With flooding caused by Typhoon Morakot wreaking severe damage in southern Taiwan, experts must now consider how such a disaster could have been repeated 50 years after the notorious flooding of Aug. 7, 1959. Over the past two years, Taiwan’s ability to handle disasters has deteriorated. Compared with their disaster response measures last year, the incompetent bureaucrats in President Ma Ying-jeou’s (馬英九) government have made no progress.
First, Ma criticized the Central Weather Bureau for “misleading” the government last year, and he has done so again this time.
Second, flooding caused by heavy rains damaged central and southern Taiwan in late May and early June last year. Ma, however, was busy having a health check, acting like a zhainan (stay-at-home youth) and avoiding the front line. After severe criticism, he finally inspected the disaster area in mid-June.
But to avoid losing face because people might think he was admitting to making a mistake, Ma claimed he was simply visiting old friends.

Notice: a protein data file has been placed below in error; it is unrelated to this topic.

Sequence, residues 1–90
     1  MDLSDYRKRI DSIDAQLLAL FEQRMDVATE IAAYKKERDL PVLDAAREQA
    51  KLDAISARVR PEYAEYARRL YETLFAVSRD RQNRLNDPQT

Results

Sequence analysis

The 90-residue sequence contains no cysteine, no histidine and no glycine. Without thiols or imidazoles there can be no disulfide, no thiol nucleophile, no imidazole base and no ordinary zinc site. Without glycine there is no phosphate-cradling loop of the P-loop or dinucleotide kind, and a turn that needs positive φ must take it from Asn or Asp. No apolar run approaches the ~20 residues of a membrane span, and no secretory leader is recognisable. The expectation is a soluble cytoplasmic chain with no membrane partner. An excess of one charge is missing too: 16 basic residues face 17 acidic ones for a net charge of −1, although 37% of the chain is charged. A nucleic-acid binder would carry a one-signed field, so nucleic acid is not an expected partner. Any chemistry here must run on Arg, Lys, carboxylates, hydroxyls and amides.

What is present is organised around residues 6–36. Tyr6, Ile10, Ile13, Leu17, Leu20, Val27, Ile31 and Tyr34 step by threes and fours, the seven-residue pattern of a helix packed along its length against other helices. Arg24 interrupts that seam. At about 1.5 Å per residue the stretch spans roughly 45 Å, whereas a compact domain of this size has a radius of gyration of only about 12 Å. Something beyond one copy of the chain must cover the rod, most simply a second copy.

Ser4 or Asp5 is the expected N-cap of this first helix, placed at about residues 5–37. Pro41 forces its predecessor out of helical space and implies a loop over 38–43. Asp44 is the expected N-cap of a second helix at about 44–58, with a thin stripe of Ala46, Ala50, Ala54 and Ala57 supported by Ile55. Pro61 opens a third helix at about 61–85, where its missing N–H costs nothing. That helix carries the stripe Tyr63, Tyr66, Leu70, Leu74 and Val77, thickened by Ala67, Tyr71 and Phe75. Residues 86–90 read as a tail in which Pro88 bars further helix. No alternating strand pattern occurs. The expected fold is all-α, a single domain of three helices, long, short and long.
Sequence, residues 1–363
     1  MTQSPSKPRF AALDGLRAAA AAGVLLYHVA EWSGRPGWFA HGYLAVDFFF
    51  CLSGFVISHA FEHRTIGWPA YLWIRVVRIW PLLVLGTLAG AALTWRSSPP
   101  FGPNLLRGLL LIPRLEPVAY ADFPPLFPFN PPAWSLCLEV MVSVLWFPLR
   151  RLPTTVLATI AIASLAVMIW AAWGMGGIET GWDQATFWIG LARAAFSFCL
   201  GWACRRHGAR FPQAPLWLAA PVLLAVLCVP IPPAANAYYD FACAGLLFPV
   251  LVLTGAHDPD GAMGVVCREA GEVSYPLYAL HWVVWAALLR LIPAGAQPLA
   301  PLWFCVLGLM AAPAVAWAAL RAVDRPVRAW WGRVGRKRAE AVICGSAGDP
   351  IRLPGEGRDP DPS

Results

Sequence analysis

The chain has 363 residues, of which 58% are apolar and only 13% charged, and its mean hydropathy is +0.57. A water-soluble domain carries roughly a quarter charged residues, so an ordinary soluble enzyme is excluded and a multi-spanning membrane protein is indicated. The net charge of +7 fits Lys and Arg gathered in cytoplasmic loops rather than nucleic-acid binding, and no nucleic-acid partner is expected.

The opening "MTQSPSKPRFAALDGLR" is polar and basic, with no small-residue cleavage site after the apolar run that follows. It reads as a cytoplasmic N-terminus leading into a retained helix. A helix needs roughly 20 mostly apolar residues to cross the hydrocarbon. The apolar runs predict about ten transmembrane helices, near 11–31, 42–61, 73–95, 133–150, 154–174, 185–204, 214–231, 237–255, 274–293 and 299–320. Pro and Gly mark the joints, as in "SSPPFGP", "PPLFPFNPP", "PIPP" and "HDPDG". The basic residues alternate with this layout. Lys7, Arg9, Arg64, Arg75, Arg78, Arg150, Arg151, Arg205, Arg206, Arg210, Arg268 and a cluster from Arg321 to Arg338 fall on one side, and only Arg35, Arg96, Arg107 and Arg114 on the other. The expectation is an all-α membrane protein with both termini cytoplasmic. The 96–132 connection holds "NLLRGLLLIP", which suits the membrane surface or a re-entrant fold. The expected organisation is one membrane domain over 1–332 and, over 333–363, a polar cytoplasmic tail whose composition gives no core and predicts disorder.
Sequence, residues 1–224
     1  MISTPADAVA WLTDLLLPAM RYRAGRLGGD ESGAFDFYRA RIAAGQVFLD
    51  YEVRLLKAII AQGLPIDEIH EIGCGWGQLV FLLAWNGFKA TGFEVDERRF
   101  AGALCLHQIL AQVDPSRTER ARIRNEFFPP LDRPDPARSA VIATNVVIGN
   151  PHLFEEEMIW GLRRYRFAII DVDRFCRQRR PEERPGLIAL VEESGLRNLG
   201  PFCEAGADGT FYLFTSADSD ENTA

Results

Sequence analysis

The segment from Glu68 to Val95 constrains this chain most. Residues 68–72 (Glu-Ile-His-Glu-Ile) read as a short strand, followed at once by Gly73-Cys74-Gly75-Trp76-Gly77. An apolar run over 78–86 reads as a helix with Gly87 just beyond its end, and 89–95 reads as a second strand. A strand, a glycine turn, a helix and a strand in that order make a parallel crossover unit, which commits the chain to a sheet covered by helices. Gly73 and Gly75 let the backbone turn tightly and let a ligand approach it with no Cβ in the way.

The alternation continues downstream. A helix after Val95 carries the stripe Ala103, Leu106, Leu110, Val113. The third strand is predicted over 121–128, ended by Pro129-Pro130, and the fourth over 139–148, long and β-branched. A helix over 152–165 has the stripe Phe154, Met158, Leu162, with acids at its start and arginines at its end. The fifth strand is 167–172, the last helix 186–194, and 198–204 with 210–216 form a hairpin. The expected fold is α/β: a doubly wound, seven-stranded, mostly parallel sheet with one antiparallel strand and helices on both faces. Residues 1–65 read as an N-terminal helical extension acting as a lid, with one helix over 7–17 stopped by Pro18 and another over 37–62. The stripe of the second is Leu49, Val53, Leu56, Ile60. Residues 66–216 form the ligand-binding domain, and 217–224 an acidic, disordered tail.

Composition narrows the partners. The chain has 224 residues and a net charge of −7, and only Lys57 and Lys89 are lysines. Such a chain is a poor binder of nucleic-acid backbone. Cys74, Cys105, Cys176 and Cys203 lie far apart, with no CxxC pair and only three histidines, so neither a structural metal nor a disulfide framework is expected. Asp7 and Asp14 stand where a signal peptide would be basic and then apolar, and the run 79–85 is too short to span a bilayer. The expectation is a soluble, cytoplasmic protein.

On the evening that Typhoon Morakot struck, Ma attended the wedding of Taiwanese poet Chan Che (詹澈) and his Chinese wife. Chan was a celebrity among the “red shirts” who protested against former president Chen Shui-bian (陳水扁).
Third, in response to last year’s flooding, Council of Agriculture Minister Chen Wu-hsiung (陳武雄) said total losses were “only” about NT$20 million (US$608,000). Last Saturday, the media reported that former vice premier Chiou I-jen’s (邱義仁) watermelon farm in Kaohsiung County alone suffered losses of about NT$400,000 from Typhoon Morakot. Yet on the same day, the council estimated that losses in all of Taiwan amounted to only about NT$5 million.
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